Slaithwaite Notes: Past and Present (1905) - Chapter XXIV

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Chapter XXIV. Summer in the Valley, Etc

While the young summer is just on the bloom, it will not be amiss to make use of this lovely time for a little homily pertaining to a personal matter — a dangerous subject — as between vanity on one part and to do justice on the other, and at the same time cover up a terrible defeat inflicted many years ago. The circumstances are recorded in one of the chapters on “Politics,” and will be fresh in the memory of the reader. At the time I was awfully cut up that the friends of my youth, the working-men of the Colne Valley, should join the wealthy men of the place to keep out one of their own order. I suppose it always was and always will be so. A prophet hath no honour in his own country; reward is not often given for honest work; and, worst of all, it seems as if the workers will never learn to help or support one of their own order, lest he should either get up or get on.

The men of England must give up this mean policy, and if they will and could but trust one another and do right, and ask only for reasonable things, then the destiny of England might be left in their hands for good. This it will be said is problematical. Very likely so; but one would like, in the sere and yellow leaf of life, to go down to the great unknown with a. sure and certain hope of better things, for the greatest happiness for the greatest number. And, above all, that the latter would have sense to be just, not only to each other, but to every other class in society. Reasonable in their demands, to do nothing to injure, but everything to improve or reform, and to let well alone. When they do this, one can depart in peace, but until that time comes let us rejoice together in the glories of a summer time, the length of days, the warmth of the sun, the sweetness of the flowers, and the melodious songs of the birds, who come from far and near to build their nests and watch their young, to sweeten our lovely valley, at once teaching us lessons of purity, honourable struggles with great difficulties, and determined perseverance to overcome them all.

Lives of great men (as well as little birds) all remind us that we can make life sublime if we only follow in the footsteps indicated, so that many a down-trodden soul just seeing may take heart again. In the sense of all who have eyes to see, ears to hear, and hearts to enjoy, what a happy land this would be! Some men are always after four pennyworth of copper, as if this were the end or ideal of life. Some will do anything to get it, and it is most painful what men will resort to for this purpose. Nothing could be more mistaken, for there is not one thing that lowers the human mind so much as when a poor mortal gets so low down as to make sordid metal his only god. Remember the rich and many of the so-called poor need grace to guard against this great danger. Happily one can say for the Colne Valley that many in all ranks of society have worked hard to promote the prosperity of the place; and what matters it if a little more of this world’s gear has stuck more to one than another? A good mind can richly “thoil” it, and a bad one is not worth considering.

Let us then get back to nature, all smiling, that we can hail each morn with rapture as the dawn ushers in each live-long day to witness our most beautiful scenery, which is a natural inheritance, belonging to the inhabitants of the earth. The lord in the mansion, the manufacturer in the hall, the professional in his woodbine cottage, and the worker at the loom, and all that is therein in this united combination are just as one. The open air is free. The earth is the Lord’s, and the fulness thereof. What a wonderful republic, the truest in the world, and that because Jehovah reigns in mercy, and nature is his true handmaid!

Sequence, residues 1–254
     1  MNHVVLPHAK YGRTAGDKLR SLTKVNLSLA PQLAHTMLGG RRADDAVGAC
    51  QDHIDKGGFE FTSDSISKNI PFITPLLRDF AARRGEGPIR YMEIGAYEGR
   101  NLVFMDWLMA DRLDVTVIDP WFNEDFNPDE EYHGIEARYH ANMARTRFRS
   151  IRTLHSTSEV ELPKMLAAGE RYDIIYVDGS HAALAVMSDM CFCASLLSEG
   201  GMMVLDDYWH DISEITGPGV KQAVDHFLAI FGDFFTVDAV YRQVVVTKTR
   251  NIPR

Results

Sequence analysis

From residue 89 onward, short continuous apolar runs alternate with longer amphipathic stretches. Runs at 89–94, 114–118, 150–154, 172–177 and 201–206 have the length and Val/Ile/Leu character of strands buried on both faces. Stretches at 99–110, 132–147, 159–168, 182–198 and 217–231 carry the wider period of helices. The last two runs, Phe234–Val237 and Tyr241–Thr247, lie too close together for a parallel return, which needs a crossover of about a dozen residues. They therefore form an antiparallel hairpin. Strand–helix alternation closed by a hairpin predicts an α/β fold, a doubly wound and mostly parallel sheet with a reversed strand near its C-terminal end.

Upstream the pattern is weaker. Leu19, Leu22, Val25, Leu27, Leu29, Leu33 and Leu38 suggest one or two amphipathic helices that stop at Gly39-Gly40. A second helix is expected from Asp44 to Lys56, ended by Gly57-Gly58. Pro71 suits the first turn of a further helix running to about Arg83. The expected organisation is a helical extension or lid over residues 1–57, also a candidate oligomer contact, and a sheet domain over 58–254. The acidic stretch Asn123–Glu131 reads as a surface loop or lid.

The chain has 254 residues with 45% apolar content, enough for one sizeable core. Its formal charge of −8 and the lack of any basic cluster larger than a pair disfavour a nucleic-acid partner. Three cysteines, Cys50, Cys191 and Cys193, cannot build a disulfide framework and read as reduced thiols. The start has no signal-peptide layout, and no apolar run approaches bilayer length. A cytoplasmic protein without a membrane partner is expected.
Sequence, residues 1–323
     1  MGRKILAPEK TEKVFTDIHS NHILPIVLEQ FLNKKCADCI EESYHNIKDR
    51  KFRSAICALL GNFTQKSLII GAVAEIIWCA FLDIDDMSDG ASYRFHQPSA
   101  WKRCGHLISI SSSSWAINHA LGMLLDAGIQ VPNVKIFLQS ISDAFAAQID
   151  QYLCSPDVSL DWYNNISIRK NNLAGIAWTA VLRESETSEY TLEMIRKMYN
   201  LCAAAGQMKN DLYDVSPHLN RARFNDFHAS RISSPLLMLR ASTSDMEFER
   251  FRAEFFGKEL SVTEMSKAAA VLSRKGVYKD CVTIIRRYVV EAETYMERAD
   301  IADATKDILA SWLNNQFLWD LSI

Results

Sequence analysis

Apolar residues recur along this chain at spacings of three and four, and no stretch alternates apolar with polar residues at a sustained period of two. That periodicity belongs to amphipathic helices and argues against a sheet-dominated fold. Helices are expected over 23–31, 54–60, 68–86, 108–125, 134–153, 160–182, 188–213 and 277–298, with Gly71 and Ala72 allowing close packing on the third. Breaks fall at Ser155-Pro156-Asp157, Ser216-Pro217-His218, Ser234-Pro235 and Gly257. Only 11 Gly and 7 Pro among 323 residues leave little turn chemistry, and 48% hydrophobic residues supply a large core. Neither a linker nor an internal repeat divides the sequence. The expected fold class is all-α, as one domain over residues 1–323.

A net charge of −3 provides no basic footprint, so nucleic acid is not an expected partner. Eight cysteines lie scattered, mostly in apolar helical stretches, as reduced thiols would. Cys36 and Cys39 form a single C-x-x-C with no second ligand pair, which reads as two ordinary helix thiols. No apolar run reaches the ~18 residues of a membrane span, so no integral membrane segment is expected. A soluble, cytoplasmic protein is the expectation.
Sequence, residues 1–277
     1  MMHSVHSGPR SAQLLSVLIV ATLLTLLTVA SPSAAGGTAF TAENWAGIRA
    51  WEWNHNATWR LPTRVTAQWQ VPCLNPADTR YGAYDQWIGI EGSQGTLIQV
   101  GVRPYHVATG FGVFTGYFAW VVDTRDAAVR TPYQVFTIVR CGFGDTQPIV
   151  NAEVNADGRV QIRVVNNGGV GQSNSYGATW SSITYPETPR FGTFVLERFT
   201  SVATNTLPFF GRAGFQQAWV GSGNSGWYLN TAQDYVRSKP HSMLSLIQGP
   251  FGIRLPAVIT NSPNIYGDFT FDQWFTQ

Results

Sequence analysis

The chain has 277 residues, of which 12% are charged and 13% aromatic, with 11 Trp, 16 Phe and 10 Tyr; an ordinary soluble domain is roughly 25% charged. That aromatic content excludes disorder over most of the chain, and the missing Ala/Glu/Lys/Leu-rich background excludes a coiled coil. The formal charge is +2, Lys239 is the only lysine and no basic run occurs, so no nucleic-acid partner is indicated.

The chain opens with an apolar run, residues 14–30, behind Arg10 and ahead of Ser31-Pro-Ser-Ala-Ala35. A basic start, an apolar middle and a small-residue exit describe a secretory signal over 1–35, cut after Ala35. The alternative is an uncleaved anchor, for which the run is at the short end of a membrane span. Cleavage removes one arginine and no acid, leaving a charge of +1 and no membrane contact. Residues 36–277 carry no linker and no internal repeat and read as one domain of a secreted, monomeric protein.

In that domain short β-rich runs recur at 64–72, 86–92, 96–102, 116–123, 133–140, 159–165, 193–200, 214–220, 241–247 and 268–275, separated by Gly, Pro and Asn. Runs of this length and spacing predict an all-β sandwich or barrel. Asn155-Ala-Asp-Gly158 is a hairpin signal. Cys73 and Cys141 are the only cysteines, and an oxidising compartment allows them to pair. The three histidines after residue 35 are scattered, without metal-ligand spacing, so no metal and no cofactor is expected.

It is now in the merry month of May. How many garlands will be woven by nature’s own web to the universal delight of the whole world. How puny man’s vain efforts are compared with the joys of this delightful time! Carpets in the hall have no charm with these on nature’s own floor, and lose all their attraction, for in the open air all find one charm, new life, fresh hopes, and get sights of better things, that make this earth a heaven to those who will but see. Take just one little flower in June, viz., that of the wild rose found in our hedges. Could anything be so beautiful or sweet, so delicate or more lovely tinted, proving as it does that love in a cottage can be as pure and as sweet as that in the hall. Indeed, nature is the grand leveller of all human pretensions, making us all of one common stock, liable to the same sorrows, dividing the same joys, and driven to one common end or destiny.

Then let us drink and be merry while the summer lasts, for winter will come again with its colds, thick mists, drenching rain, wintry winds, and dark nights, to try the delicate, test the strong, sober the young, and perhaps finish the aged. No matter how, this will go on for ever as Tennyson says of the brook: —

“I steal by lawns and grassy plots,
    I slide by hazel covers;
I move the sweet forget-me-nots
    That grow for happy lovers.
I slip, I slide, I gloom, I glance,
    Among my skimming swallows;
I make the netted sunbeam dance
    Against my sandy shallows.
And out again I curve and flow
    To join the brimming river;
For men may come and men may go.
    But I go on for ever.”



Slaithwaite Notes: Past and Present (1905) by John Sugden



Slaithwaite Notes: Past and Present (1905) - Chapter XXIV

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This page was last modified on 20 October 2016 and has been edited by Dave Pattern.

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